When I got to college the first thing I wanted to do was join a fraternity, so when I got the opportunity to join a fraternity I did. I quickly became best friends with another guy in my fraternity and to say we did everything together would be an understatement. I couldn't imagine having a better bro.Being a part of a fraternity meant that we were required to go to sexual assault education sessions.




In class last night, we had a discussion on intimate relationships. It included everything from things people tend to list as important qualities in a partner to trust and satisfaction to power dynamics. A classmate in the back of class with me made a statement about his opinions on trusting his partner. "It's not her that I don't trust, it's the guys around her." All this seemed well and good, until he continued with, "Sometimes girls just don't think to fight back."

Enter rage.

I confronted him, "What did you just say?"


I was at a college party with a friend and didn't know anyone else there. The host, "Anna", was very drunk by the time I had arrived, only making brief appearances between trips to the bathroom and her bedroom. I heard commotion outside Anna's bedroom door. A few guys were standing outside the door. They were laughing about how easy it would be for "Andrew" to "get laid", because Anna was "blacked out." They were standing guard of the door, as many people stood around laughing or seemingly unaffected by what was happening. I felt uncomfortable.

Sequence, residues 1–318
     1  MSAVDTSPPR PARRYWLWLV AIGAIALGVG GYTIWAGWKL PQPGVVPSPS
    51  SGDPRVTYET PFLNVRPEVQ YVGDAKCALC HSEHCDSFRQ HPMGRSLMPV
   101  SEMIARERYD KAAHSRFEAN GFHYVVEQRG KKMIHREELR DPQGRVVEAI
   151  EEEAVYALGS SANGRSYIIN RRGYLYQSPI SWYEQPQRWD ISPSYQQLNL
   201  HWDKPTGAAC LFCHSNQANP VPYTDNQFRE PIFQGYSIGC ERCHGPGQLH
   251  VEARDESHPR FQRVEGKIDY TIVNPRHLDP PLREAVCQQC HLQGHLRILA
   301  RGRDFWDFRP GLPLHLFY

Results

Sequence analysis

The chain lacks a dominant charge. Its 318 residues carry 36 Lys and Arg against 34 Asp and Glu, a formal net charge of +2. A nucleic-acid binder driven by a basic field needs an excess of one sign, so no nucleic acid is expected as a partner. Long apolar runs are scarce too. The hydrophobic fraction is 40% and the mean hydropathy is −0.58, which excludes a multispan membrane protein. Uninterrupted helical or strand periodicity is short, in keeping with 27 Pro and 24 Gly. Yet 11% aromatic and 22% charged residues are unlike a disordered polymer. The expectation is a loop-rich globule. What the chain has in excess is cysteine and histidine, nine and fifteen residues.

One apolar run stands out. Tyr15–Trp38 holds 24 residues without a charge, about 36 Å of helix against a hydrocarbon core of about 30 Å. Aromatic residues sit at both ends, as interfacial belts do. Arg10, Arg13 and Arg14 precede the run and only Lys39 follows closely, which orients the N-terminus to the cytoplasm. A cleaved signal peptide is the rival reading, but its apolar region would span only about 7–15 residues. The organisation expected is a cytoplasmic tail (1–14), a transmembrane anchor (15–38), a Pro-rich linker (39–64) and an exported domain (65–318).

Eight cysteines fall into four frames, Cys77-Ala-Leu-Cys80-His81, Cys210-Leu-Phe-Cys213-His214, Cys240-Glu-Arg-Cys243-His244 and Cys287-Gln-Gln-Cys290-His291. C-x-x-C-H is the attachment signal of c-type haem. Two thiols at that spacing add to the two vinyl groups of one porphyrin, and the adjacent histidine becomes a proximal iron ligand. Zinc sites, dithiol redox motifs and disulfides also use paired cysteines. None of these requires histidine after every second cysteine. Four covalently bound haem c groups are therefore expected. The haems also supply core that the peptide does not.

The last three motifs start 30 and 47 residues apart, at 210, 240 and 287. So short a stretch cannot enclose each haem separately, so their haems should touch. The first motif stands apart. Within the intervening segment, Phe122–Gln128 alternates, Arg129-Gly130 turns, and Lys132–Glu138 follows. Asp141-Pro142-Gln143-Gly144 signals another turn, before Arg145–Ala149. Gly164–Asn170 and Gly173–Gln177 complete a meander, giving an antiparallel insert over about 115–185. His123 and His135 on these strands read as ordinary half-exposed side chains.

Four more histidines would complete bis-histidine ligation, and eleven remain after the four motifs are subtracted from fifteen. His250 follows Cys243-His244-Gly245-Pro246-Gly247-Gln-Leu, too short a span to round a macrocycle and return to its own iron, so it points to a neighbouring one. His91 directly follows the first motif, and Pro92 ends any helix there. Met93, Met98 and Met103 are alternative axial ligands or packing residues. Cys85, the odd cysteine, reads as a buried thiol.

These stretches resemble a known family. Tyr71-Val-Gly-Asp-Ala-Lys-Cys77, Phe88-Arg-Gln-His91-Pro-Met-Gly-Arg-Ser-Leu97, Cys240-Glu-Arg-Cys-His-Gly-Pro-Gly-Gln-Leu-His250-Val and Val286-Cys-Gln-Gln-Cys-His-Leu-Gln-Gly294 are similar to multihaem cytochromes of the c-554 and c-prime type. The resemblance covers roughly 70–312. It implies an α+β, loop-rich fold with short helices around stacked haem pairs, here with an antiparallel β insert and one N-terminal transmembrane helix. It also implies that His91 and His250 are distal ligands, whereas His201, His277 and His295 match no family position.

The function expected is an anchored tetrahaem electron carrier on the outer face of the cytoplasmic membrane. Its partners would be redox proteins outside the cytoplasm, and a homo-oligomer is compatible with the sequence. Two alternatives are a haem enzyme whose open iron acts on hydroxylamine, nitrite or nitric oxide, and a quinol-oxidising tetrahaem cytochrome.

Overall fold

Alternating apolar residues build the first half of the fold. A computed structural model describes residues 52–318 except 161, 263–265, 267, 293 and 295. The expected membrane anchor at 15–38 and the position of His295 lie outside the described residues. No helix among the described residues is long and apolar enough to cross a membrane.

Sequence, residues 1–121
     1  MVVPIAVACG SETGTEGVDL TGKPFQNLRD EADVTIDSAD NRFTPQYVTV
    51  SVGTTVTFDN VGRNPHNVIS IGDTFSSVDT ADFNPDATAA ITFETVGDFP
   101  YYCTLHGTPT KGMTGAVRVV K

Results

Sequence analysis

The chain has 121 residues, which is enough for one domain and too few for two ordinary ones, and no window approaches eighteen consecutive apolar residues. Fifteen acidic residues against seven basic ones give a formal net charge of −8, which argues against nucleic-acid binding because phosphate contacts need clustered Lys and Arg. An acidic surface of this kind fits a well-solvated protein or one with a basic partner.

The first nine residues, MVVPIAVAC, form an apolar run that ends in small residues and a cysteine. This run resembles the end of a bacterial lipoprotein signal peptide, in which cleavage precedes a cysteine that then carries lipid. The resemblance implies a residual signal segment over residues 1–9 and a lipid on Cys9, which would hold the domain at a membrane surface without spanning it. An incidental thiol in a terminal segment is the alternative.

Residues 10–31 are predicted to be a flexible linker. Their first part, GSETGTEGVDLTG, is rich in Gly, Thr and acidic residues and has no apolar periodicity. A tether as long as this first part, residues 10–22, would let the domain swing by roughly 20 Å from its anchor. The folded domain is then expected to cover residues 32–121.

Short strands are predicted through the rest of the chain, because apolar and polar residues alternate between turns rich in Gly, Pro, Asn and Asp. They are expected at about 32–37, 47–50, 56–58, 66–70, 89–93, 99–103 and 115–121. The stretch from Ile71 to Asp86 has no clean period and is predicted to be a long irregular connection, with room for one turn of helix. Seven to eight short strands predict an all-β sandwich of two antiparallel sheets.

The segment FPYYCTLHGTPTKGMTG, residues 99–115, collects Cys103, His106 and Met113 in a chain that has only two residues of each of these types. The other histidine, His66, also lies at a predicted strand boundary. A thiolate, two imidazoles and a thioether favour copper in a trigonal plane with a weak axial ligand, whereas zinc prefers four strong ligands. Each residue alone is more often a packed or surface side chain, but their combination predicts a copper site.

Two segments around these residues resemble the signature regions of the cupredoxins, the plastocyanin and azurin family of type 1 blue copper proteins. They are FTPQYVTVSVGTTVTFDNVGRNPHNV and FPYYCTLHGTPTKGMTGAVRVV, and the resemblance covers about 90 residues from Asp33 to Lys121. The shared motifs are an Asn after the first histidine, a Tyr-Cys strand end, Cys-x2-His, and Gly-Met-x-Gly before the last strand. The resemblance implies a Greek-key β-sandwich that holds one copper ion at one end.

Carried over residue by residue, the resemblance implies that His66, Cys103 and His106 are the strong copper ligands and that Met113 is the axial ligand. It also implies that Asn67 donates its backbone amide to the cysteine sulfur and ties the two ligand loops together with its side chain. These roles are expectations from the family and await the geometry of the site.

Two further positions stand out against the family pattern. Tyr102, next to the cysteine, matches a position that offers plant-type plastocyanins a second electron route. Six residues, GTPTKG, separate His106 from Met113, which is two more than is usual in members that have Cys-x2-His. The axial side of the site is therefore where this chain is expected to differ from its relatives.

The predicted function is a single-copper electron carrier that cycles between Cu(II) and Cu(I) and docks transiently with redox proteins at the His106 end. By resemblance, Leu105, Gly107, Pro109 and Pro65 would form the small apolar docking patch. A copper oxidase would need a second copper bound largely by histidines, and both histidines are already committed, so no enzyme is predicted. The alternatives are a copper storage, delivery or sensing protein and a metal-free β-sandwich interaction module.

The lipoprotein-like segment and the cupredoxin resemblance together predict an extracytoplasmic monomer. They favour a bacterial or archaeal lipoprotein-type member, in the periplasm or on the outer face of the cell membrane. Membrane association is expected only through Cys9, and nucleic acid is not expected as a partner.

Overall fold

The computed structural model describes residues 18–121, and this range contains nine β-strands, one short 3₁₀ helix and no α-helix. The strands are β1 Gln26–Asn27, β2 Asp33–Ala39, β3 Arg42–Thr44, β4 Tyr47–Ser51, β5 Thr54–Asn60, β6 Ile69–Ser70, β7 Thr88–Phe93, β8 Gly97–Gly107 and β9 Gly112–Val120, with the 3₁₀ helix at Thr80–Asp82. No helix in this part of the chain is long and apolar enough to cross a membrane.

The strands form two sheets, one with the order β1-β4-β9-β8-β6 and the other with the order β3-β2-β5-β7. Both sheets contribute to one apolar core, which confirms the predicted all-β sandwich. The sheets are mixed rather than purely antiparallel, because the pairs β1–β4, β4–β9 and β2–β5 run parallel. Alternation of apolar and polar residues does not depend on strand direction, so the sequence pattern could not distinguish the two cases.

In 10th grade I met BG. BG always made inappropriate sexist, homophobic, and racist comments. We had many mutual classes and friends so I saw and heard him a lot. I knew BG's comments were wrong but I chose not to say something in fear of upsetting my new friends. One day at lunch, I had just come from my law class and we were learning about rape and sexual assault. People were not paying attention during class, so my teacher had cried out "the penis is a weapon" to get her point across.


I was on the bus one day, sitting behind an annoying boy and two seats behind a girl, whom the boy was talking to. She was not particularly interested in talked to this boy, but he was not satisfied with leaving her alone. He began poking, tapping, and pulling this girls hair. The girl told him to stop, persistently, but he would not. Although he was not touching her in a sexual way, she did not want to be touched, and I can imagine she felt violated. So I told him to stop, quite loudly, but not in a mean way, and lo and behold he stopped.


Here is my story of a small action -- only an "evil stare" to interrupt rape culture. And this story shows how just saying where we work may make a difference. This story appears in my blog. This took place sometime in the mid-1980s while I was giving blood. As I was laying down with the needle in my arm, the male nurse asked me what I did for work.


My ten year old son is a playground social activist. He reported to me that for two days the boys in his class were playing a game they named "rapist". Game is basically tag - you run up to someone, touch them, and say "I raped you." Then a new rapist is it. So my son tells me he told the boys they needed to change the name of the game because it was inappropriate. Awesome! He does this two days in a row followed by telling the teacher on duty - who sad to say fails to respond.